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Looking For Linda's Killer: An evolving investigation (Part 3)

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LAPORTE COUNTY, Ind. -- 32 years after the abduction and murder of 10-year-old Linda Weldy, technology is changing the way investigators solve cases. While DNA is a big part of any cold case investigation, other new technologies are also helping to solve crimes. And, a new advancement could be leading investigators back to old suspects in the Weldy case. 

“I have my good days and I have bad days. And, especially around the anniversary of her death, those are my bad days.” Karen Egolf, Linda Weldy's mother said. “I wear her necklace. And I feel a little closer to her when I wear her jewelry.”

With every passing day, Egolf says hope of her daughter's murder being solved, fades further away. Even with investigators digging through old evidence with new technology, she says she's skeptical. 

“They have said to me too many times, ‘We’re on the verge. We’re on the verge. Somebody is going to be arrested tonight. Somebody is going to be arrested tomorrow. We have what we need.’ And it never happens.” She said.

“They have said to me too many times, ‘We’re on the verge. We’re on the verge. Somebody is going to be arrested tonight. Somebody is going to be arrested tomorrow. We have what we need.’ And it never happens.” Al Williamson, with the Indiana State Police, said. "(We're looking for) Anything that will lead us to a suspect. Through the genealogy now. You can go through the genealogy’s with the 23andme’s the ancestry.com. You can look at that. If we have any DNA we can extract, maybe we can look through them and say, whose DNA is this or what relative of this can we look into that wasn’t there before.”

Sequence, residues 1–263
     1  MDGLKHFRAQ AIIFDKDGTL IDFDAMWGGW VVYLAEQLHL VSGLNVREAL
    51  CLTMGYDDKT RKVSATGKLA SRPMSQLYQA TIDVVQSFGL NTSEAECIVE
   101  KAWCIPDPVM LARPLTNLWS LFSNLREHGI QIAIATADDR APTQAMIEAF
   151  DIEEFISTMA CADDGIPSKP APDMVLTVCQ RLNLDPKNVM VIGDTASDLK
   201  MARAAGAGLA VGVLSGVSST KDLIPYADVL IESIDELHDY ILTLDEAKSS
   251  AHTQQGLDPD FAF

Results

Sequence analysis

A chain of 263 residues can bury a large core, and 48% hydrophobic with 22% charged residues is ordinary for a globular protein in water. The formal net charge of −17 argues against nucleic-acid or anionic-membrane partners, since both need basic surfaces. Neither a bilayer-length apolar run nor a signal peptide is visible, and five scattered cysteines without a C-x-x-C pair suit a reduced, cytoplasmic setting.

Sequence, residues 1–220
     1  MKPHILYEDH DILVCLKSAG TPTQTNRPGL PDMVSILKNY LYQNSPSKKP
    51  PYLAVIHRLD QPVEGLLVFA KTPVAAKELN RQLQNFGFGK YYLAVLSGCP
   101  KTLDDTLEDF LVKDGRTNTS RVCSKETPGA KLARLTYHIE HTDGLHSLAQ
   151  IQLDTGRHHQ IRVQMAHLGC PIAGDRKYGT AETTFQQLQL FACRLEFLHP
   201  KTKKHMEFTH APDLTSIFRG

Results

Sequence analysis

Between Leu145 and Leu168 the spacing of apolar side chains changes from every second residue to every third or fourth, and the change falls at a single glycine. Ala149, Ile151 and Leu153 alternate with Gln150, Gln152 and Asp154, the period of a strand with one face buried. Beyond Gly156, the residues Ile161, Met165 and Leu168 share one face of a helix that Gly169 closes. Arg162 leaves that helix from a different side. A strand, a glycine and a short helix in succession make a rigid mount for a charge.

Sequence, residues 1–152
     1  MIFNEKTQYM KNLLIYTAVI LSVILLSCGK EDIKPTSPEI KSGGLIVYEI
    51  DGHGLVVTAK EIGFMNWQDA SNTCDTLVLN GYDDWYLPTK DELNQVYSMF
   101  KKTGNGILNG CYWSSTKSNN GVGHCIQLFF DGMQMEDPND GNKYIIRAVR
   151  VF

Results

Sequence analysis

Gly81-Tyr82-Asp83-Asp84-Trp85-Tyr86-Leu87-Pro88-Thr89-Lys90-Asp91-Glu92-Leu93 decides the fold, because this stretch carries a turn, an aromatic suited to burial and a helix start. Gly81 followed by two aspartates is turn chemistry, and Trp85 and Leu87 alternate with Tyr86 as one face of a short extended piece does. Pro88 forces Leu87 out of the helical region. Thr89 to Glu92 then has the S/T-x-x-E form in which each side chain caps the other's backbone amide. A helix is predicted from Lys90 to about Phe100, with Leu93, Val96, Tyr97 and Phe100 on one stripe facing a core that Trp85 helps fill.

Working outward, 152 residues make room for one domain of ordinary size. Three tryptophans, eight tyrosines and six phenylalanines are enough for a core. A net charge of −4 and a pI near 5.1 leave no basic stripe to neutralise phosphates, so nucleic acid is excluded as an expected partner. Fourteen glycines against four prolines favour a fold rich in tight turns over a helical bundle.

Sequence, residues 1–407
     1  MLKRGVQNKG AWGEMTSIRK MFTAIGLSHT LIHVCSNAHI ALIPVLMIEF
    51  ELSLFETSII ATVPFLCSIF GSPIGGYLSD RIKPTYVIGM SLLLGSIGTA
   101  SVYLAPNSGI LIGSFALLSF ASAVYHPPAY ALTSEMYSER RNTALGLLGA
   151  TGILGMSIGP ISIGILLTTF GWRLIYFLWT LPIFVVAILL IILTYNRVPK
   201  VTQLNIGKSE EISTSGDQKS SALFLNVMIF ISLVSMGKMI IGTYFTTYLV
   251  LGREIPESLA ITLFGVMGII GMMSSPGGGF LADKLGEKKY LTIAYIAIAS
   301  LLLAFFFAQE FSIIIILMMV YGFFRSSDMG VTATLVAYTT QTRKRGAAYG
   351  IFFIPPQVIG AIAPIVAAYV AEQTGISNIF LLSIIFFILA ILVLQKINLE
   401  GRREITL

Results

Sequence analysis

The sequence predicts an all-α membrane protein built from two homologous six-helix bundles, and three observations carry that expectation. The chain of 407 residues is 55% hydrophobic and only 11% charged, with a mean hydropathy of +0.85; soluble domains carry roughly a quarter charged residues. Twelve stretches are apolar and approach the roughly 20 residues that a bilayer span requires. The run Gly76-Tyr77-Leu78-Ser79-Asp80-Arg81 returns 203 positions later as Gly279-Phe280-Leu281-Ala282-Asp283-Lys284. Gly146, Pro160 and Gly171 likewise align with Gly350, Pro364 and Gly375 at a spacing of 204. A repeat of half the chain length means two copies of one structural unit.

But that new technology isn't all related to DNA. Other pieces of evidence that weren't as reliable in the past can also be re-examined.

"There’s some advancements I’m aware of with some of the trace evidence.” Detective Pat Cicero, with the LaPorte County Sheriff's Office, said. “(Trace evidence) can be anything that’s considered very small; hairs, fibers, you name it. It’s something that’s very small, but it still applies to the linkage theory of how are we linking this crime or person’s location to the crime itself.”

And, it turns out, that evidence could lead investigators back to people who were suspected of the crime during the early parts of the investigation, according to Egolf.

“I feel like they have tunnel vision. All of their thoughts are focused on two people. And they’re not willing to look in any other directions.” She said.

Egolf told ABC57 who those two people are and we sat down with them. They explained why they believe police list them as suspects. We'll dive into their stories next week.

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